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Benjamin Oliver Davis, Sr: Destined to Shatter Barriers




Throughout a career that began during a time when segregation was strictly enforced and the modern Civil Rights Movement was still in its infancy, Benjamin O. Davis Sr. (1880–1970) compiled an extensive and impressive list of accomplishments. He was a U.S. Army officer, and on October 24, 1940, became the first African American to rise to the rank of brigadier general. His son, Air Force General Benjamin O. Davis Jr., would follow in his footsteps.

Davis’ promotions to brigadier general, major, lieutenant colonel, and colonel were all preceded by the label “temporary.” This was the case for all Black military officers during that time, although there were only two or three.

Born in Wash., D.C., Davis’s army record and gravestone mark the year as 1877. Later, his biographer located a census document placing Davis’s birth year at 1880. He had falsified the date of his birth in order to join the military.

Davis’ father was a messenger for the Interior Department and his mother, a nurse. During high school he underwent cadet training. This experience led him to enter the U.S. Army in 1898, during the time of the Spanish American War.

He was then a temporary first lieutenant assigned to the 8th United States Volunteer Infantry, an all-black unit stationed at Chickamauga Park, Ga. The unit disbanded in 1899. The war had ended, but Davis’s military career was at its infancy. He reentered the army that same year. Davis began serving in the 10th Calvary (Buffalo Soldiers) as a private. Eager to advance, he rose to the rank of sergeant major within one year. Lt. Charles Young was stationed with Davis. The only Black officer in the military during that time, Young served as a mentor to Davis, encouraging him to seek an officer’s commission. In 1901, Davis received his first overseas assignment: the Philippines. He would return to the states the following year and his career began to soar.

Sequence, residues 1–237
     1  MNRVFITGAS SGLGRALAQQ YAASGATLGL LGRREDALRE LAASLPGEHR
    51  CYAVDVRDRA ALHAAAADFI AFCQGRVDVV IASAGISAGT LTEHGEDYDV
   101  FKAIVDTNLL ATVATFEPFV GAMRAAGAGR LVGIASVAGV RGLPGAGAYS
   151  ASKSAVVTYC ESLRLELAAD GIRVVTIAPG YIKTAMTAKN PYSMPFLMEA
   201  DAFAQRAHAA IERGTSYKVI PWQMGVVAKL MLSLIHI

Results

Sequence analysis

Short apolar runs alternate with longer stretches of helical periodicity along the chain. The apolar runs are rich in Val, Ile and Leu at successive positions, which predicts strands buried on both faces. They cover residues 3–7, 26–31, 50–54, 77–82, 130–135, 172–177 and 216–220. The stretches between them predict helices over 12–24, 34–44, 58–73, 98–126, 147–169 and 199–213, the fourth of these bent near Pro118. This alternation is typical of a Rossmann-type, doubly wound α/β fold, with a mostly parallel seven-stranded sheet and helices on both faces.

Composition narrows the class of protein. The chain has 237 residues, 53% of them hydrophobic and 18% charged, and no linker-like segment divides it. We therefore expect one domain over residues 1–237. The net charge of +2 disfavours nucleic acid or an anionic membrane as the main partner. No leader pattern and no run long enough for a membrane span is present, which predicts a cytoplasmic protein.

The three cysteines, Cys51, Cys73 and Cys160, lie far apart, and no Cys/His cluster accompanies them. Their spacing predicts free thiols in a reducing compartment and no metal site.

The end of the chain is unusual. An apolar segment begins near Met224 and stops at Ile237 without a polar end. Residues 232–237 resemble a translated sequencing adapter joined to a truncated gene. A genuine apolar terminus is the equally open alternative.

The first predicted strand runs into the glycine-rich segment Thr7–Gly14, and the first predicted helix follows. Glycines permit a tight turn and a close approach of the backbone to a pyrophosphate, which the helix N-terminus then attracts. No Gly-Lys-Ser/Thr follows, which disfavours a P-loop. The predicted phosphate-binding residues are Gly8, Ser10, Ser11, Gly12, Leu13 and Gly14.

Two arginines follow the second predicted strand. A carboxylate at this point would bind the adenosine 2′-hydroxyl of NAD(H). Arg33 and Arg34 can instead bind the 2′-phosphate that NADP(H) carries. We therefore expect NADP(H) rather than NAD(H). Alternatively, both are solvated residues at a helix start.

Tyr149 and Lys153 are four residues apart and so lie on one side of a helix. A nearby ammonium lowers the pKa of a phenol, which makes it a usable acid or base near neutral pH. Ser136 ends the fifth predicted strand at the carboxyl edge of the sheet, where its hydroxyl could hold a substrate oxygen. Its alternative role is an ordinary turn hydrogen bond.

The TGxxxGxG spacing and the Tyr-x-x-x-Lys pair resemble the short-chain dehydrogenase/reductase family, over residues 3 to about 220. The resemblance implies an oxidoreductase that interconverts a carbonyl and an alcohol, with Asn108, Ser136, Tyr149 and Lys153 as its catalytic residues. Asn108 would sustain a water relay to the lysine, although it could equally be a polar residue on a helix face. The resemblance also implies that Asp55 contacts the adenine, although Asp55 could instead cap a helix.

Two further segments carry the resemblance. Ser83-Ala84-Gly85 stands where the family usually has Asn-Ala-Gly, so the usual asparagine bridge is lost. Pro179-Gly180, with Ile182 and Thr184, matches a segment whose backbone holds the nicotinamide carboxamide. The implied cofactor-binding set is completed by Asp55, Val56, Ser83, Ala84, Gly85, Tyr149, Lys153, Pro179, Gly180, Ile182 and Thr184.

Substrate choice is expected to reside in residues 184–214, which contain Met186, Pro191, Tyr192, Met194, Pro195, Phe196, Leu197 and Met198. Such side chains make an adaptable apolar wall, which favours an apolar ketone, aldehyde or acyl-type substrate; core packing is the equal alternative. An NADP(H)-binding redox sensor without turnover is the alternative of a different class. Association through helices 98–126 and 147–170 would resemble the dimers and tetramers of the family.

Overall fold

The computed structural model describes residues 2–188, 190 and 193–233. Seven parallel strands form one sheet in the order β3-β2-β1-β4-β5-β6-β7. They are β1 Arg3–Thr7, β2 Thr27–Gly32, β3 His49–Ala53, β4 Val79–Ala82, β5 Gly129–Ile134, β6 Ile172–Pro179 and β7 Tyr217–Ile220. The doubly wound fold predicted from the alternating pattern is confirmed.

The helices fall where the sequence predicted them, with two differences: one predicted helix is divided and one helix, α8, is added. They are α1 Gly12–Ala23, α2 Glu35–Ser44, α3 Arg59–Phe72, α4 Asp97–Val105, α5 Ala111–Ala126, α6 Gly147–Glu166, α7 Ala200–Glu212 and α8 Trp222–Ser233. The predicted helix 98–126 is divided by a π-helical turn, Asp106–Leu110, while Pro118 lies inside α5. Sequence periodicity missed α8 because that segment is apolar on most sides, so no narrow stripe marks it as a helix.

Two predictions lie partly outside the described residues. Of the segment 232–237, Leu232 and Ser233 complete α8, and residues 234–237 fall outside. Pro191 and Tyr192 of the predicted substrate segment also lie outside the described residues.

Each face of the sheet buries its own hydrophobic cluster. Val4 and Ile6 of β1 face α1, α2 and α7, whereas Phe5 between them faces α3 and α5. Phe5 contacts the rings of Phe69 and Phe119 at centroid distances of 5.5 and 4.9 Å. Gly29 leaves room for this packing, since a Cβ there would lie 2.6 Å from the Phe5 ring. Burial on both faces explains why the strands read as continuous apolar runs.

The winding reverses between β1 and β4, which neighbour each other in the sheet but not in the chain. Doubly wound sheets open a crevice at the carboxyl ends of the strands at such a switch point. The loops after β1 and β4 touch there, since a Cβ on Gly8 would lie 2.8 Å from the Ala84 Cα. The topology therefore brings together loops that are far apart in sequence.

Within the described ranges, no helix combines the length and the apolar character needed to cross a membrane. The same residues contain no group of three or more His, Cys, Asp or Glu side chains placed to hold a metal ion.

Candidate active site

Over the next 40 years, Davis would serve the military well. His appointments included professor of Military Science at Wilberforce University, military attaché in Liberia, and border patrol along the U.S.-Mexican border. He returned to the Philippines, where he was ranked temporary lieutenant colonel, but would return to the states as captain.

He also returned to Tuskegee and Wilberforce and would soon after take command of the 369th Regiment, New York National Guard. His rank would then rise to colonel, and on Oct. 25, 1940, would be appointed brigadier general. He was 60 years old.

As brigadier general, Davis was open about his support of desegregating the army, wanting to introduce full integration. He was appointed as special assistant to the Secretary of the Army (1947). The following year, he would retire from the military. He had served the United States for 50 years.

Davis was a minority within a minority in the professional military. Yet he made it his life’s mission: shattering barriers and opening doors. He passed away in Chicago at age 93.